Mix the passion chef Rick Bayless has for the cuisines of Mexico with his enthusiasm for serving it up at his many restaurants and on his TV series “Mexico: One Plate at a Time,” and it’s easy to see how that could never be contained in a handful of books.
It should come as no surprise then that he’s written a ninth cookbook, “More Mexican Everyday: Simple, Seasonal, Celebratory” (W.W. Norton & Co., $35, pages) in his engaging style, with recipes and meal-time ideas for the home cook, whether they cook every day for their families or for recreation.
“This is a book for people who love to cook,” Bayless told us. “Not for people who feel cooking is somehow a drudgery, but for people who enjoy the act of cooking as much as they enjoy eating.”
Bayless is quick to note, though, that “in this day and age, most of us have such rich lives that even if we’re the avocational cook for the weekend, you’re probably not going to spend 10 hours in the kitchen making one meal. My goal is to offer people recipes that are not dumbed down, that are smart recipes utilizing ingredients and cookware and techniques to be the most efficient,” he says, including some recipes that use a slow cooker or rice cooker.
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“More Mexican” arrives 10 years after “Mexican Everyday: Easy, Full-Flavored, Tradition-Packed,” and, as with the earlier volume, it was written with his wife, Deann Groen Bayless. It picks up, Bayless says, where “Mexican Everyday” left off, so there’s an emphasis on ingredients that have become more accessible over the past 10 years.
“One of the great joys for me is to go to the store and the farmers market and buy things I think are really beautiful, and that’s sort of the focus of this book,” he says.
Which means, in the Bayless kitchen, those things might be transformed into a mustard greens soup with poblanos and almonds. Or sweet-sour pickled tomatillos may share a salad plate with Little Gem lettuce and pumpkin seeds. And poached eggs go bold when set atop a mix of ancho chili, kale, potato and fresh cheese. They are among the 30 vegetable dishes in the book.
He does not ignore meat and fish, of course, nor desserts – such as farmers market fruit with warm tequila-lime espuma (foam). But especially helpful are his “secret weapon” flavorings: two marinade-type adobos, a spicy-sweet chipotle mix and a roasted garlic mojo. They are used in several recipes and designed for improvising to suit your tastes and the ingredients you have on hand.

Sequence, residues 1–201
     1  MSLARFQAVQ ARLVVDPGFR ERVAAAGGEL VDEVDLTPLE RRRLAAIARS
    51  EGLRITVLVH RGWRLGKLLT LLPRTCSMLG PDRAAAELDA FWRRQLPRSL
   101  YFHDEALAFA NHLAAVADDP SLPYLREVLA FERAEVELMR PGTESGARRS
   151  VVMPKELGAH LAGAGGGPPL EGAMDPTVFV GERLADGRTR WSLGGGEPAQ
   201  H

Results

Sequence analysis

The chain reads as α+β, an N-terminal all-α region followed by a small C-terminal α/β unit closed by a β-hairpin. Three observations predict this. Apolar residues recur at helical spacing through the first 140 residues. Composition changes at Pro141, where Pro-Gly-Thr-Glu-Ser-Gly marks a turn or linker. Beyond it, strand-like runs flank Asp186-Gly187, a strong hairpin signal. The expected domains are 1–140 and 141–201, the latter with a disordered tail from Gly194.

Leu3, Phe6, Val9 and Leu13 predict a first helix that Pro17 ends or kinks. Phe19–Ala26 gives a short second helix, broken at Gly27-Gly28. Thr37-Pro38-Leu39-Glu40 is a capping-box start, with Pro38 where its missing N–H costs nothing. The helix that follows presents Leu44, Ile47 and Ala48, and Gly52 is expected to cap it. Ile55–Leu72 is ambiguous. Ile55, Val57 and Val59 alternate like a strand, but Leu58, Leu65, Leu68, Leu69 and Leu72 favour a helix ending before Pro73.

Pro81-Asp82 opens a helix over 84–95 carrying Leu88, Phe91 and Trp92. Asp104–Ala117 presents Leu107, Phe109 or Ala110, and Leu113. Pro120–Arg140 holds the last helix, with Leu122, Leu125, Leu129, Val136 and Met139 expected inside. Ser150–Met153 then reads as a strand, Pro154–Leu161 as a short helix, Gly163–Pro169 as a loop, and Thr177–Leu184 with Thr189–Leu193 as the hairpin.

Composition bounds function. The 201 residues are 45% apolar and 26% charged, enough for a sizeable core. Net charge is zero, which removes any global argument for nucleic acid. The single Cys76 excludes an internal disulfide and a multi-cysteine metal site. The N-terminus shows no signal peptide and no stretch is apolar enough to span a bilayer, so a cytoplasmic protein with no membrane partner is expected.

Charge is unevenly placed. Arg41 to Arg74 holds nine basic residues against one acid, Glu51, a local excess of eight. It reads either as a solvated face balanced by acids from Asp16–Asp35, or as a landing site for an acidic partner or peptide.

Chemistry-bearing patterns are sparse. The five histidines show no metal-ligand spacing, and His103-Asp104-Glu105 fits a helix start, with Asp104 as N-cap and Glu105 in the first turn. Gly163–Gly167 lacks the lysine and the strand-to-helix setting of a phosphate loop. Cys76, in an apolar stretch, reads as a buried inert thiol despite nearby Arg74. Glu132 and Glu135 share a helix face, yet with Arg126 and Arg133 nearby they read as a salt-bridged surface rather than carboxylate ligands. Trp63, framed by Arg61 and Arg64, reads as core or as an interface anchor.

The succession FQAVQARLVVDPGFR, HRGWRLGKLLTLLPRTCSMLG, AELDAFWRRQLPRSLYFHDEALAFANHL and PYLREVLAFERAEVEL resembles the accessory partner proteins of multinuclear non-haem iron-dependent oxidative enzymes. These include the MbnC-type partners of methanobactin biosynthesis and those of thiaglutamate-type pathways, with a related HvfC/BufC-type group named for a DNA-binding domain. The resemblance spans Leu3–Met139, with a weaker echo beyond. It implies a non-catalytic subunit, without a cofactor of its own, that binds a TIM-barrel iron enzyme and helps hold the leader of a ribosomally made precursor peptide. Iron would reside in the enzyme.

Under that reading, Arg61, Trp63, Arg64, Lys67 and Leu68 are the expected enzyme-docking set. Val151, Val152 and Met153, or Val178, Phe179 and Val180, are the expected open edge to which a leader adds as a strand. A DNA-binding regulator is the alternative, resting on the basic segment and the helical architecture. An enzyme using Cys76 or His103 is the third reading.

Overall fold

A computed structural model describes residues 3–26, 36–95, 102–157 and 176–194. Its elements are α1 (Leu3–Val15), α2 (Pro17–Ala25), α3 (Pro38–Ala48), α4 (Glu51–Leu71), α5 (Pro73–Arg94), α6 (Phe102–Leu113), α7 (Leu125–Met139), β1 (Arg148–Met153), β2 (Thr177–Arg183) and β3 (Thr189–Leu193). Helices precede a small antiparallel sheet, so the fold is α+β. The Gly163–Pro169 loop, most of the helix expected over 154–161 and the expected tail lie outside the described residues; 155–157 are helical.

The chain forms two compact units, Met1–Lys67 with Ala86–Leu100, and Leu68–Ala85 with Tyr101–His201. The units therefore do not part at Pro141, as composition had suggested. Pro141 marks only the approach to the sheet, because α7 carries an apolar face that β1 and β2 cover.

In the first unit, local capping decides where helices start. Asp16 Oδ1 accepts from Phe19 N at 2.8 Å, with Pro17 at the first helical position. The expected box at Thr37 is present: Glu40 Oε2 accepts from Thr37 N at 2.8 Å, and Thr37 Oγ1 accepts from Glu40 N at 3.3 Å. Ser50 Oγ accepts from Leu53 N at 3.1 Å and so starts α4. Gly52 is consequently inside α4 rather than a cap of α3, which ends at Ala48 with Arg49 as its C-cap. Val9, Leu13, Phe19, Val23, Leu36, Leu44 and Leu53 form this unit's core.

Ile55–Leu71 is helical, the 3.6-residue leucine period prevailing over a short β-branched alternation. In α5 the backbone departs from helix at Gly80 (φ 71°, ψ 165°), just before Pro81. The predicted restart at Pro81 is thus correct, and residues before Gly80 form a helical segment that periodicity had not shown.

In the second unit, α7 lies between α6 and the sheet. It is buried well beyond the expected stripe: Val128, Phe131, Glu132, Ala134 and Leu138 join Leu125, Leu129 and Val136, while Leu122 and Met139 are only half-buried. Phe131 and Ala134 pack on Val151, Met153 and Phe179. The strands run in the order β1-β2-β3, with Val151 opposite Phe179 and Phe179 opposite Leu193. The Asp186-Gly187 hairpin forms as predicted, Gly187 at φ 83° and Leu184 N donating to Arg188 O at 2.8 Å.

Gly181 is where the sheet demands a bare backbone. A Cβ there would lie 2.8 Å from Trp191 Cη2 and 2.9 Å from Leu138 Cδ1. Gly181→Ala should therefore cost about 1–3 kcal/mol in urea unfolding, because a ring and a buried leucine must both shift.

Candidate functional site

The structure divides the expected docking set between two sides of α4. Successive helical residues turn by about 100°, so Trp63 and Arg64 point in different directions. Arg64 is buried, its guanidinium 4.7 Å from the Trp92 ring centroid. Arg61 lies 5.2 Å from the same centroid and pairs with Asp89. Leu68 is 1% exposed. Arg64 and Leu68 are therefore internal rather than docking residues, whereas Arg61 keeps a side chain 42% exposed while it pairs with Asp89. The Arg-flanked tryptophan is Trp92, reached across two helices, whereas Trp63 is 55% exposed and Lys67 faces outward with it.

Improvisation is at the heart of this book. “I have really worked to help people understand why a recipe is the way that it is. And that hopefully, will release people from their ties to the recipe as something to slavishly follow,” he says. “I want people to understand how to cook so that you can read my recipe, get your idea, then go to the kitchen and make something that’s just exactly right for you.”
The chapter titled “How to Win a Top Chef Quickfire Challenge,” says Bayless, who won the first season of “Top Chef Masters,” “is really the essence of getting people away from recipes because it teaches you how to cook and how to think like a chef. And to tell you the truth, almost everybody who is cooking dinner on a weeknight is doing a Quickfire challenge. You don’t have very much time. You just have to get dinner on the table but you want it to be delicious.” Among keys to Quickfire success: understanding of flavor, texture and how to balance them.
Since opening Frontera Grill in the mid ’80s, Bayless has watched and adapted as our appetites for spice have evolved.
He credits millennials for the increased heat in their eats. “We used to put spicy dishes on (the menu) every once in a while. Now we have a whole bunch of spicy dishes on the menu because those are the things that sell the most,” he says. “Maybe their grandparents would come in with them, they would shy away from the spice. But the kids don’t shy away from the spice at all.”
And their understanding of authenticity is completely different than their parents and grandparents. “They think about authenticity as something that tastes like it’s right,” he says. “If it’s supposed to be spicy, it’s spicy. If it’s supposed to be acidic, it’s acidic. … It doesn’t matter if you’ve taken Korean spices and thrown them on a taco because if it’s done well, it’s authentic to them.”
And their grandparents? Something is authentic if the ingredients came from Mexico and it was cooked in a clay pot like the grandmothers do there. “For the millennial cook, the idea of authenticity if you love Mexican flavors and you’re going to make a quick pasta dish, is to use that green chili adobo in there and throw in some chicken from last night and maybe some herbs you’ve got in your refrigerator and you’re going to have an amazing meal.”
Roasted garlic mojo
Ready to improvise? In “More Mexican Everyday,” Rick Bayless suggests using the oil in this recipe to sauté shrimp or chicken, then finish the dish with some of the garlic. Or toss the oil and garlic with pasta, chili flakes, some arugula and grated Parmesan. Or skim off some oil for sautéeing potatoes or basting grilled vegetables.
Separate 4 heads of garlic into cloves. Lay unpeeled garlic cloves in a 12-inch skillet. Over medium heat, roast garlic, turning regularly, until soft and browned in spots, about 15 minutes. Remove from heat.
When cool enough to handle, peel, then place in a food processor. Pulse until garlic is roughly chopped.
With the machine running, pour 1 1/2 to 2 cups olive oil through the feed tube in a slow, steady stream. Stop the machine; add 1 / 4 cup fresh lime juice and 1 teaspoon salt. Pulse to incorporate.
Transfer mixture to a jar. Store, covered, in the refrigerator. It will last for several months.